Another week, and I’m finally getting the swing of things here. The apartment is looking good, and I’m catching up on my nutrition counseling and signing on a lot of new clients, and life is falling into place. Moving week eats aside, I can’t wait to share a little more food here on CR. So, that’s coming soon. In the meantime, you can savor food from some of my foodie friends.
Heaven in a mason jar: Allyson’s roasted strawberry and vanilla almond parfaits.
Grilled flatbread. Comfort food at its very finest! I can’t wait to try my hand at this.
…and if you need something to dip your flatbread in, go ahead and drown it in Ashley’s stone fruit guacamole. Yum.
Amaranth flatbread with fig, corn, and shallots. So creative!
And finally, speaking of creative, a savory vegan red velvet cake, made with beets and a hummus frosting. Such a cool idea!
1. Cynthia Sass weighs in (no pun intended) on intermittent fasting. Surprised that she’s tried it, but so appreciate her honesty, and couldn’t agree with her more.
2. A fun article from James Hamblin on food trends and how they work.
3. An interview with Sonya Pemberton and Michael Rosenfeld, makers of the documentary “Calling the Shots,” which is to air on PBS (NOVA) on September 10th. The documentary is about vaccines and the controversy that surrounds them. I’ve written about vaccines from a vegan perspective and expressed frustration that most vaccines are developed in eggs. But I’m firmly pro-vax from a health and public health standpoint, and I found the interview interesting.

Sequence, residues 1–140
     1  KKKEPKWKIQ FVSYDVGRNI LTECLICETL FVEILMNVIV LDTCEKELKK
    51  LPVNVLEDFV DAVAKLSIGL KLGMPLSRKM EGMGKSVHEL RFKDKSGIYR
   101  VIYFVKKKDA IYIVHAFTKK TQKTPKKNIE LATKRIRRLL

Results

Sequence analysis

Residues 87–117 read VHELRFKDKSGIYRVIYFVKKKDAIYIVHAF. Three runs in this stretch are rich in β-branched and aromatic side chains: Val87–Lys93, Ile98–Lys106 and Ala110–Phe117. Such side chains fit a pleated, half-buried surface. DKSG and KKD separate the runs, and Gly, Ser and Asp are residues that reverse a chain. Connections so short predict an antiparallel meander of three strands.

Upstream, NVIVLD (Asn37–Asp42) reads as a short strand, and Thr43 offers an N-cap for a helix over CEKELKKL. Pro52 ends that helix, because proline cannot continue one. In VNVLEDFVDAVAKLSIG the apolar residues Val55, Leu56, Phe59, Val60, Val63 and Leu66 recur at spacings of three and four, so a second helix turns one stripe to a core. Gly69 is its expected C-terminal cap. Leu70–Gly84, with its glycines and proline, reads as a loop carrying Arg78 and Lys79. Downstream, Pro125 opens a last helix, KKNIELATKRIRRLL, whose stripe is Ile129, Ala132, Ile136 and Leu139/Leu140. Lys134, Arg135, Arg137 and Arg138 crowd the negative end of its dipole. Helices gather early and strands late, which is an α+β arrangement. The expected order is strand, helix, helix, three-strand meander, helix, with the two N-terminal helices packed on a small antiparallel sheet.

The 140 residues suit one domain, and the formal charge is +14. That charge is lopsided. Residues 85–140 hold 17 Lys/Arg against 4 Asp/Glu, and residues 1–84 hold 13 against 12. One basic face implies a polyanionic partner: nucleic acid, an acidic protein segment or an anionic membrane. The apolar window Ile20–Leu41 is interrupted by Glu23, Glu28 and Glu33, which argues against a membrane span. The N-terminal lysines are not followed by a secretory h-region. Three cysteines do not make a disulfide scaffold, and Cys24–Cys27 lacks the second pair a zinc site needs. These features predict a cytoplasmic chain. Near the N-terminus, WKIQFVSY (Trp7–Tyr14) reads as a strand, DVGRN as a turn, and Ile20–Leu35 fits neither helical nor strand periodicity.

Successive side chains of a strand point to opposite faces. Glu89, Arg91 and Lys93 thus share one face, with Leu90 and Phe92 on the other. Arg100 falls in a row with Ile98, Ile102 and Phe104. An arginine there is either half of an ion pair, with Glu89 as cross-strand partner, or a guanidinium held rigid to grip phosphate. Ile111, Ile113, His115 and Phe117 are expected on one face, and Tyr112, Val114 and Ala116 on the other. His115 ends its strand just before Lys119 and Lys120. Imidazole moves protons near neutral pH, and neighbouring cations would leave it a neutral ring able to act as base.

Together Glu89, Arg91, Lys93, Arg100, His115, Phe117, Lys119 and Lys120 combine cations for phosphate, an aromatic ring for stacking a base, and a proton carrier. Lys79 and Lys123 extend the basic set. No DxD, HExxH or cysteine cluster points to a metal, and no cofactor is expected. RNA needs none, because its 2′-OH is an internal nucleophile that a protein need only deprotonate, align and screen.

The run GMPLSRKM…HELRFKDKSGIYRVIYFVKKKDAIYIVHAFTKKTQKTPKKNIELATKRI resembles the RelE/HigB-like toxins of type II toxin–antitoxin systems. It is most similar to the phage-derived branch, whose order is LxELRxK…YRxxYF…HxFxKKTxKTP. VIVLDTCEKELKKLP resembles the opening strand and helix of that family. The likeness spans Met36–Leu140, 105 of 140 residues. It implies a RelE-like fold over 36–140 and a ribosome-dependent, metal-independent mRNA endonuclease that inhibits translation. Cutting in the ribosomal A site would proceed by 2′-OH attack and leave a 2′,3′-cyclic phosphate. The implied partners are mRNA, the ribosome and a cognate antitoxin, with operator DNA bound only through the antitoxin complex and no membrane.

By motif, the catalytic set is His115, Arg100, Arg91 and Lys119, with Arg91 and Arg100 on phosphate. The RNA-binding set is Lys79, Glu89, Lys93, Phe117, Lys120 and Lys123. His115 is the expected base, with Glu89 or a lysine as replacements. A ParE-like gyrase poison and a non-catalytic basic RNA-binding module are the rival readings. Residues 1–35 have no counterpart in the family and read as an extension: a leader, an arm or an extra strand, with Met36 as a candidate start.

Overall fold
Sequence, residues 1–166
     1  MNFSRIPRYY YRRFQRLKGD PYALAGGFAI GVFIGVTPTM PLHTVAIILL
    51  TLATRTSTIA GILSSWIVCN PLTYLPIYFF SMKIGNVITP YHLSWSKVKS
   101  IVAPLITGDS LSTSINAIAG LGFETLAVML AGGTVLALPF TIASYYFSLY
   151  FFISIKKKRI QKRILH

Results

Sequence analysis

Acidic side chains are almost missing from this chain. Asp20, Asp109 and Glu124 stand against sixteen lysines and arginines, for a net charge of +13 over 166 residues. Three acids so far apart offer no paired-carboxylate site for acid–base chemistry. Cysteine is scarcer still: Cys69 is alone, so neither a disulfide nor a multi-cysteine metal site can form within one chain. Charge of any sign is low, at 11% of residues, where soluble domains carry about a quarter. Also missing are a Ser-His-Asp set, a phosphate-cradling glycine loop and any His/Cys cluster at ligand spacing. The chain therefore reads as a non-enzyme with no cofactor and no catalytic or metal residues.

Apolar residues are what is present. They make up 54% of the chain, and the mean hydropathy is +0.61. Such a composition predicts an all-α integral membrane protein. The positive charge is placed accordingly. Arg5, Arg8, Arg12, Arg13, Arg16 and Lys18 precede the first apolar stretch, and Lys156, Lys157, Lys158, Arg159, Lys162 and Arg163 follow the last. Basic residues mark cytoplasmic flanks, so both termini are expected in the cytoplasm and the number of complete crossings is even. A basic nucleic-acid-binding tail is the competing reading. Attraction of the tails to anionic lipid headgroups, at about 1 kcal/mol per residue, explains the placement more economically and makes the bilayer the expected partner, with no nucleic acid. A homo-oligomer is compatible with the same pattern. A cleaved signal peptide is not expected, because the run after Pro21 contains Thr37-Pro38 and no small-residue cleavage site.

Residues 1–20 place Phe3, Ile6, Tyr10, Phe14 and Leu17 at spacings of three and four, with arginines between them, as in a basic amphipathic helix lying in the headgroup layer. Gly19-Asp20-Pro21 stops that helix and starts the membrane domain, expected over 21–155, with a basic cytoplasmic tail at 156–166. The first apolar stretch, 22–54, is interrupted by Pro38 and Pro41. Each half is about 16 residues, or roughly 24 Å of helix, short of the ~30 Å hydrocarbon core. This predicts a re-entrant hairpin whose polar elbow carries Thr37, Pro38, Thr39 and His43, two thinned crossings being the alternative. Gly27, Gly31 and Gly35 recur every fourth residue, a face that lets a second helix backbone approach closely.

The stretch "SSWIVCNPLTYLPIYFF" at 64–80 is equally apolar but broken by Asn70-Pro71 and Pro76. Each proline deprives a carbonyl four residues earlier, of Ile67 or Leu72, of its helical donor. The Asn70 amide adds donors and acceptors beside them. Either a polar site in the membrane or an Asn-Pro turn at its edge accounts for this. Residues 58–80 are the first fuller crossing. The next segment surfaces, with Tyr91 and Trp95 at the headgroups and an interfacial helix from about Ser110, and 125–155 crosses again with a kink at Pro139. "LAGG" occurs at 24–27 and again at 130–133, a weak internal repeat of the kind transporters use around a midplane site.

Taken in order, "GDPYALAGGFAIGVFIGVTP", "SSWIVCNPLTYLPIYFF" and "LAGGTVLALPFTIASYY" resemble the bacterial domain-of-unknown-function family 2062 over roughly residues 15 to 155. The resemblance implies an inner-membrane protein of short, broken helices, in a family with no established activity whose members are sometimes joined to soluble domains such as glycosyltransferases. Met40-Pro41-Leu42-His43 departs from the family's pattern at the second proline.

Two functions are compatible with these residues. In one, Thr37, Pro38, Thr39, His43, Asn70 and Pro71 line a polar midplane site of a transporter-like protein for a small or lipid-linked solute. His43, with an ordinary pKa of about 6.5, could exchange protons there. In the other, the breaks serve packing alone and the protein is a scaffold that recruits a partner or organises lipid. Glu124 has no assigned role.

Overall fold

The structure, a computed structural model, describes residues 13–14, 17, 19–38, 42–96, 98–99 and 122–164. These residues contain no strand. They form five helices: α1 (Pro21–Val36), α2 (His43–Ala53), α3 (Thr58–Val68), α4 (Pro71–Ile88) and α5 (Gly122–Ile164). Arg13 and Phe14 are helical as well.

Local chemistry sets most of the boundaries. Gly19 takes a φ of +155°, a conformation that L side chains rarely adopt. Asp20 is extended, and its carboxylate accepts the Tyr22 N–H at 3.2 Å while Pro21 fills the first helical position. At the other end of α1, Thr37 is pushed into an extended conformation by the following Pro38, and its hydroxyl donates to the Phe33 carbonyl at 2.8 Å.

4. A fascinating new study suggesting that early life stress (trauma, abuse, neglect) can actually decrease the size of the amygdala (associated with memory, decision making, and emotional reactions) and hippocampus (also associated with memory, as well as with spatial navigation) regions of the brain.
5. James McWilliams’ hard-hitting, smart response to “Hoofin It.” “Hoofin It” is a week long celebration in Denver, starting today, which features the celebration of eating different hooved animals. It will move from restaurant to restaurant; tonight you can get bison, tomorrow you can get sheep, and pig on Tuesday, and so on. These animals will be served in restaurants that pride themselves on so-called humane slaughter.
James’ article is not so much about the event, which expresses sentiments that are common enough these days (namely, that we can love and even fetishize farm animals while breeding and killing them needlessly, too). It’s about the fact that HSUS–the Humane Society of the United States–is one of the event sponsors. Traditionally, HSUS has approached animal activism from a welfare perspective, focusing efforts not on total emancipation of farmed animals, but rather on taking steps to reduce slaughter and improve quality of life. This can be a controversial issue within the vegan community: does promoting welfare efforts take away from the larger and more fundamental mission of eradicating animal farming? Does improvement suggest concession?